Kay Farrow, a color-blind photographer who sees the world in black, white and shades of gray, probes the mysterious death of her beloved mentor on a quest that takes her to the darkest intersections of San Francisco's Mission District.
"Eerie as a midnight walk in the fog," said The New York Times Book Review of David Hunt's The Magician's Tale, "showing us light and dark, truth and deception, reality and illusion, even good and evil, in ways we never imagined." "Hunt mesmerizes with his sleight of hand," praised People magazine, "The book's lingering spell lies in the way its heroine's perspective enables us to see, as if for the first time, her beloved city in all its chiaroscuro splendor." When distinguished photojournalist Maddy Yamada is struck by a motorcyclist at two in the morning in a seedy area far from her Marina apartment, Kay Farrow's grief is tempered by suspicion. What could have drawn the reclusive Maddy so far from home at such an hour? Kay believes Maddy's work in progress--blurry, abstract images uncharacteristic of a woman famous for her unsparing clarity of vision--holds elusive clues, clues Kay is determined to decipher. Tracing old photographs and undeveloped film discovered in one of Maddy's cameras, Kay begins to bring into focus Maddy's activities at the time of her death. The territory Kay must cover runs the back alleys of the Mission to the elite enclaves of Pacific Heights and beyond, to a very private shooting preserve miles north of the city. Lurking in her path is a netherworld of decadence and evil--and evidence that Maddy's death was no accident. Kay doggedly pursues a winding path to justice, negotiating a labyrinth of debauchery and dark desires, topping anything she encountered in the course of The Magician's Tale.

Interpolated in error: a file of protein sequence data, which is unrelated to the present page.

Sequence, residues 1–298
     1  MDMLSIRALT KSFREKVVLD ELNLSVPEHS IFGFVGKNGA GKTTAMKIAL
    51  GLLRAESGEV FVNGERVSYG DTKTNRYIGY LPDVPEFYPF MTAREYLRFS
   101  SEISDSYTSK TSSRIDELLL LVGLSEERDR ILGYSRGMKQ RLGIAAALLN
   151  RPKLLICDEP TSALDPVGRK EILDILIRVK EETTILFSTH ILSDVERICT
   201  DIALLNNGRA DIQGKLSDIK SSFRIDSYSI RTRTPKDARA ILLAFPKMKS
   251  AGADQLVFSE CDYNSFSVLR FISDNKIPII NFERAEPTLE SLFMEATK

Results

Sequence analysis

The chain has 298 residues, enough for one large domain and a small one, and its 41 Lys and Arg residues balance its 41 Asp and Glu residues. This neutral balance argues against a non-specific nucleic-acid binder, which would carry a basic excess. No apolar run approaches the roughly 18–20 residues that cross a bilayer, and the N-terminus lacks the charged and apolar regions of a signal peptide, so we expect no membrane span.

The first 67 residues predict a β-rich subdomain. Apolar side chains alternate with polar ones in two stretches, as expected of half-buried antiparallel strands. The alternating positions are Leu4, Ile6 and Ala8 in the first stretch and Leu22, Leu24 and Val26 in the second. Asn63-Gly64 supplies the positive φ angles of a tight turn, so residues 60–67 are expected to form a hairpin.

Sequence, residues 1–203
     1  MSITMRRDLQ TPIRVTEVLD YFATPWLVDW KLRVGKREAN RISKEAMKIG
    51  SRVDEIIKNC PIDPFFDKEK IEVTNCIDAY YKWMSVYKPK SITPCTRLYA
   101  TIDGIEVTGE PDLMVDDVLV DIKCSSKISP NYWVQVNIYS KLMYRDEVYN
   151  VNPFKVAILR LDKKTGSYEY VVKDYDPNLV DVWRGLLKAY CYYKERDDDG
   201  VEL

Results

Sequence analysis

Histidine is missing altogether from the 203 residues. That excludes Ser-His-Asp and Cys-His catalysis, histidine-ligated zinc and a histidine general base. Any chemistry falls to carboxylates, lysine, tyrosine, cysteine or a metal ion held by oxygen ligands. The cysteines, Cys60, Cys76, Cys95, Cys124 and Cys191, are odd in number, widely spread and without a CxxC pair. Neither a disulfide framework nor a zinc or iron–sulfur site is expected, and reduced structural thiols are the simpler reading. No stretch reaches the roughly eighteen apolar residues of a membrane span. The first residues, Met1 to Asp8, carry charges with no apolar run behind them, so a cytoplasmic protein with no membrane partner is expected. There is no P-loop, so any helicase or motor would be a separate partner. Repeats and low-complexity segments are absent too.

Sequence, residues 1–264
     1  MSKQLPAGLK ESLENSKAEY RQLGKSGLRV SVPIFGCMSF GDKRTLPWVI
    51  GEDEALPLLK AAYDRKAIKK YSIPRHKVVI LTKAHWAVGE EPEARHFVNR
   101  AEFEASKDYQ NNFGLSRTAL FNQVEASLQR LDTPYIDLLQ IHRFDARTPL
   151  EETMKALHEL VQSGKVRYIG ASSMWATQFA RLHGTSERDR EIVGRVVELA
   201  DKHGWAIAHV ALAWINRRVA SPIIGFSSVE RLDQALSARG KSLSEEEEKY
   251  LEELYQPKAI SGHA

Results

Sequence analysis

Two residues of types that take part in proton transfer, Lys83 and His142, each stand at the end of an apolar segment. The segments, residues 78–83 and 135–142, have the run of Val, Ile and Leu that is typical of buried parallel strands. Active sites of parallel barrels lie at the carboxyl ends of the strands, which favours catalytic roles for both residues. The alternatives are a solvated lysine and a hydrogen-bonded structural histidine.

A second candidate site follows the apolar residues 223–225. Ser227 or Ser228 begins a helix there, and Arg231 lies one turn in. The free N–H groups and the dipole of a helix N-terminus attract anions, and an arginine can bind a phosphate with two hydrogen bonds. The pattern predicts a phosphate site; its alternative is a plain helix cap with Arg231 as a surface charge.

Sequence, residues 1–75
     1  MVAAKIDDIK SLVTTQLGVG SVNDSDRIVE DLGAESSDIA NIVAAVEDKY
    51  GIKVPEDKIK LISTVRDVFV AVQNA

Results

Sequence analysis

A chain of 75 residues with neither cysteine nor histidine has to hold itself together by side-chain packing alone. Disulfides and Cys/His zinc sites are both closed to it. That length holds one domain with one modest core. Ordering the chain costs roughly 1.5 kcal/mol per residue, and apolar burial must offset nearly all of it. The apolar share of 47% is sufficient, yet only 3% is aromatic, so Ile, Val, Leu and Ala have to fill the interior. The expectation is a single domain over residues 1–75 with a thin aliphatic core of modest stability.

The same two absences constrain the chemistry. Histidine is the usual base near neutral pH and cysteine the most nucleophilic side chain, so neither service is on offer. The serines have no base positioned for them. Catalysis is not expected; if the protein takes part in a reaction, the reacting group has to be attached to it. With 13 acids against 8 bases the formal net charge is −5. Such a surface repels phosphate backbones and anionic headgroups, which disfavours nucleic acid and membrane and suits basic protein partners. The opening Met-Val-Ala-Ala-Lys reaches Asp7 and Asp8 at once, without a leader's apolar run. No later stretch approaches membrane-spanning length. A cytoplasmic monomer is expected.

|Publisher:||Penguin Group (USA)|
|Product dimensions:||4.06(w) x 6.76(h) x 1.13(d)|
About the Author
About the Reader
Debra Monk's film credits include Bulworth, Extreme Measures, and The First Wives Club. She has appeared in many Broadway productions and was nominated for a Tony Award for her performance in Picnic.
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Most Helpful Customer Reviews
very deft plot, written extremely well! I wish William Bayer aka David Hunt would continue Kay's saga!! WE NEED A THIRD IN THIS SERIES MR. BAYER!!!
I really liked this book.I hope writes another to this series.I can't wait to see if he does another.
My friend gave me this book to read because I used to live in an aikido school. I'm reading now and it's OK, but I feel as though I'm watching a really poorly acted episode of Hunter (that 80's detective TV show). Everything is predictable, Kay is very annoying and she seems to luck out of extremely dangerous situations way too often. I know many women at the aikido dojo (New York Aikikai in NYC) who believe they are strong and capable of using aikido well, but realistically speaking, aikido is not a fighting art, it is more mental discipline than anything. I've yet to see any woman who is able to use aikido effectively (against a man or even another woman). The book is good if you really think of it as FICTION, because not an ounce of it feels realistic.